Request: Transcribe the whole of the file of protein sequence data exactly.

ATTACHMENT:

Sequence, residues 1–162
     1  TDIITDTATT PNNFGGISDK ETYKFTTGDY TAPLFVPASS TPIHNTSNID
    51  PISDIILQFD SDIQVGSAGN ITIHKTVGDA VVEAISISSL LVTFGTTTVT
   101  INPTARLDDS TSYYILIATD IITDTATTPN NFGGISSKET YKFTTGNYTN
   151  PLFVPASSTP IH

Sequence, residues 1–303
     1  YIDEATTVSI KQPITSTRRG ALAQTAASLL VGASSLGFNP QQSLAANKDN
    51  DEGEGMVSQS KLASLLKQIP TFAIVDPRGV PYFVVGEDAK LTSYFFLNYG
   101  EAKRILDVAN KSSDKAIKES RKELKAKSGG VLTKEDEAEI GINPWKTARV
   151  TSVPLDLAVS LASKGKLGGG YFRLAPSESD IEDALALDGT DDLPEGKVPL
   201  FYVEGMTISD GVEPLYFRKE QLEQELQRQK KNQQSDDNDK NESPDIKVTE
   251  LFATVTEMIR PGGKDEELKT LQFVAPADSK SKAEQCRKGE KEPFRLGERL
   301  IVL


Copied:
Sequence, residues 1–162
     1  TDIITDTATT PNNFGGISDK ETYKFTTGDY TAPLFVPASS TPIHNTSNID
    51  PISDIILQFD SDIQVGSAGN ITIHKTVGDA VVEAISISSL LVTFGTTTVT
   101  INPTARLDDS TSYYILIATD IITDTATTPN NFGGISSKET YKFTTGNYTN
   151  PLFVPASSTP IH

Sequence, residues 1–303
     1  YIDEATTVSI KQPITSTRRG ALAQTAASLL VGASSLGFNP QQSLAANKDN
    51  DEGEGMVSQS KLASLLKQIP TFAIVDPRGV PYFVVGEDAK LTSYFFLNYG
   101  EAKRILDVAN KSSDKAIKES RKELKAKSGG VLTKEDEAEI GINPWKTARV
   151  TSVPLDLAVS LASKGKLGGG YFRLAPSESD IEDALALDGT DDLPEGKVPL
   201  FYVEGMTISD GVEPLYFRKE QLEQELQRQK KNQQSDDNDK NESPDIKVTE
   251  LFATVTEMIR PGGKDEELKT LQFVAPADSK SKAEQCRKGE KEPFRLGERL
   301  IVL